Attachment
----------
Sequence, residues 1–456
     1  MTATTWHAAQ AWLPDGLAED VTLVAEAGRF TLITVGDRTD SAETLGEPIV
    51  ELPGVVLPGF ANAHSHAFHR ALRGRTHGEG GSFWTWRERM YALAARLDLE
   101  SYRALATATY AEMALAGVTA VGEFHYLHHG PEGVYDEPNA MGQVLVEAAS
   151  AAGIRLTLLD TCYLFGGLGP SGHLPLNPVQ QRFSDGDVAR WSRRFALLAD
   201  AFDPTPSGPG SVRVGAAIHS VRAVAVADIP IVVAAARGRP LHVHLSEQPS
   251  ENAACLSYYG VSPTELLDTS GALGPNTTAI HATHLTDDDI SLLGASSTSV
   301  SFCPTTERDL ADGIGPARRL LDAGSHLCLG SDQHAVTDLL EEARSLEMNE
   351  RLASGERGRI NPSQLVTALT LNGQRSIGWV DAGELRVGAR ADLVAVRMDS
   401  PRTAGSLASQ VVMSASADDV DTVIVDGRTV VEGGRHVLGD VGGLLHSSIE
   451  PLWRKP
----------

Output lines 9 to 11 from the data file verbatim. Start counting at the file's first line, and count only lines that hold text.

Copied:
   351  RLASGERGRI NPSQLVTALT LNGQRSIGWV DAGELRVGAR ADLVAVRMDS
   401  PRTAGSLASQ VVMSASADDV DTVIVDGRTV VEGGRHVLGD VGGLLHSSIE
   451  PLWRKP